Global Commodity Prices Fall As China Warns Of ‘Excessive Speculation’

Global Commodity Prices Fall As China Warns Of ‘Excessive Speculation’

Global commodity prices fell after a warning from China of “excessive speculation” in commodities, especially iron ore and copper, amid growing concerns about rapidly growing inflation.

Amid soaring commodity costs as several major economies ease restrictions on Covid-19, China’s National Development and Reform Commission (NDRC) has said it will take a “zero tolerance” approach to the disease. monopoly behavior and hoarding by commodity companies.

Releasing a statement after a meeting between several government departments and industry leaders in Beijing on Sunday, he said the latest round of price increases was due to multiple factors, “but also has many aspects reflecting overpeculation ”.

“The meeting made it clear that in the next step, the relevant regulatory authorities will closely monitor the trend of commodity prices, strengthen the joint monitoring of commodity futures and the spot market, ‘zero tolerance’ for illegal activities, will continue to increase inspections by law enforcement agencies. , and investigate anomalous transactions and malicious speculation, ”the NDRC said.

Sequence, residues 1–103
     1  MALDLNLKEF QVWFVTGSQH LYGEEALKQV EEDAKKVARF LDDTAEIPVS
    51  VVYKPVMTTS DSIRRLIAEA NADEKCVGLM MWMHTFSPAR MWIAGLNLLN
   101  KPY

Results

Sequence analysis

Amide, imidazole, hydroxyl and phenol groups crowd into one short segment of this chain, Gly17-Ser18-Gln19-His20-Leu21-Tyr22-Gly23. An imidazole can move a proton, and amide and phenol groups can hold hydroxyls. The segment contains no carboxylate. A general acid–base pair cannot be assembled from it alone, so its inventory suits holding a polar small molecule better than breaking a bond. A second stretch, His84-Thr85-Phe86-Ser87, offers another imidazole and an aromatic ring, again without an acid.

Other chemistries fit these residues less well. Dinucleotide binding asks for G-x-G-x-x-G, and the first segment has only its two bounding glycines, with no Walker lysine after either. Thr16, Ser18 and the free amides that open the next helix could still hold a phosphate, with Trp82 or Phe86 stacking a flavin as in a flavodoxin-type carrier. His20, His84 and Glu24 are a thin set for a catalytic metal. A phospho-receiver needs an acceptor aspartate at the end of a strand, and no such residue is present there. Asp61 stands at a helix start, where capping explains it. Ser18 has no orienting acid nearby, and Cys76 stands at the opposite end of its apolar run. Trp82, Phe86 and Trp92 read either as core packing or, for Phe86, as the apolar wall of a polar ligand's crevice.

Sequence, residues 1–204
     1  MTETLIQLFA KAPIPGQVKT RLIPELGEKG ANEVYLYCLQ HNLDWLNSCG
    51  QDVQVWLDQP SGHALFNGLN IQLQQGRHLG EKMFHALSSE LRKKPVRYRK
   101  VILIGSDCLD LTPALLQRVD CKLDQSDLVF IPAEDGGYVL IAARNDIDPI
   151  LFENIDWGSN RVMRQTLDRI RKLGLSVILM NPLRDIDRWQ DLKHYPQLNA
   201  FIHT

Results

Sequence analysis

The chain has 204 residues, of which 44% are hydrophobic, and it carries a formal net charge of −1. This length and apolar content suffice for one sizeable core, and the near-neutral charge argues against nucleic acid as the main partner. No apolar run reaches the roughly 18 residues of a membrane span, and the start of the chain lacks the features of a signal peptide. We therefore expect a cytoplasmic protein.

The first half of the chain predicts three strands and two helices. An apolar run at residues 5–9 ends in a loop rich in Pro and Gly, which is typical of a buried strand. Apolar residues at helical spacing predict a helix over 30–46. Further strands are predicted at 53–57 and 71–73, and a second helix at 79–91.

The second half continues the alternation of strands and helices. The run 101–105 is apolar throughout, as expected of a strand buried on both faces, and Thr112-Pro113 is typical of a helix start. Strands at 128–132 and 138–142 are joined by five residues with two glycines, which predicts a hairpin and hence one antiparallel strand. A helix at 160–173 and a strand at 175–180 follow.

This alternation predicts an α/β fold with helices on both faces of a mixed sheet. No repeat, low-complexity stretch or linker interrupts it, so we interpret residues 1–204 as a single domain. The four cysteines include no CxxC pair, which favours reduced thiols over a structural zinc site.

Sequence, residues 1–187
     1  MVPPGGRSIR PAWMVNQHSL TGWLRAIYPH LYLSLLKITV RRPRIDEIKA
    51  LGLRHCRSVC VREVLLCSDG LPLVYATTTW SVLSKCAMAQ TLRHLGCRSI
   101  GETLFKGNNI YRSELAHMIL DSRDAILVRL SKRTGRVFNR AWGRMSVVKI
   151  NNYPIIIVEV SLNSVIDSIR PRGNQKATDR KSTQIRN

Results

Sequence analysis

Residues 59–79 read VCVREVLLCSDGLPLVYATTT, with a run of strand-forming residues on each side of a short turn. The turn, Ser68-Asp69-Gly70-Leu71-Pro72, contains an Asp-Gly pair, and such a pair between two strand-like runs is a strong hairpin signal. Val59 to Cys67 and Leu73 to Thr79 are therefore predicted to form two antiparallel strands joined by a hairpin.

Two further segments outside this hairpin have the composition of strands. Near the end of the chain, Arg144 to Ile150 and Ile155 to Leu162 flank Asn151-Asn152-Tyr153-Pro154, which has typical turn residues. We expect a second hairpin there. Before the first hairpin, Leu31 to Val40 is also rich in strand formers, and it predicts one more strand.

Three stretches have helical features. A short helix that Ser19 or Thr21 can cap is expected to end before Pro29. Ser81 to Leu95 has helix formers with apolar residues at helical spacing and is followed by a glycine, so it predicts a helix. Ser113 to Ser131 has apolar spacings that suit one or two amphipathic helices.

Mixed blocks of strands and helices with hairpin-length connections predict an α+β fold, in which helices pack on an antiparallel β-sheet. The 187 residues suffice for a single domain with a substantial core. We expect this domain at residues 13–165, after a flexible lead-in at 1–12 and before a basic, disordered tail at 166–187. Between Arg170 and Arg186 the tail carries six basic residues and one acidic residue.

The price of iron ore – used in steel production – has fallen sharply, with the most traded Dalian iron ore contracts falling 9.5% according to Reuters. The price of steel rebar and hot-rolled coil also fell 7% on the Shanghai Stock Exchange.

The prices of other important industrial metals, including copper, aluminum and zinc, have also come under pressure. London-based mining companies on the FTSE 100 also fell, with the biggest precious metals company Fresnillo shot on Monday morning, down more than 2.5%, and copper miner Antofagasta down more than 1 , 8%.

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China’s intervention comes as industrial companies around the world face soaring commodity costs amid rebounding demand for goods and services as Covid-19 restrictions are relaxed.

The recent price hike has pushed up input costs for UK manufacturers at the fastest rate since at least 1992, according to a closely watched survey, forcing many to raise prices – which is likely to fuel the consumer price inflation. Global financial markets have been rocked in recent weeks by growing concerns about the rapid growth in inflation emerging as the pandemic recedes.

Michael Grahn, chief economist at Danske Bank, said the Chinese crackdown was affecting the price of base metals. ” [This is] probably a breach in the ‘inflation is coming’ narrative, ”he said.


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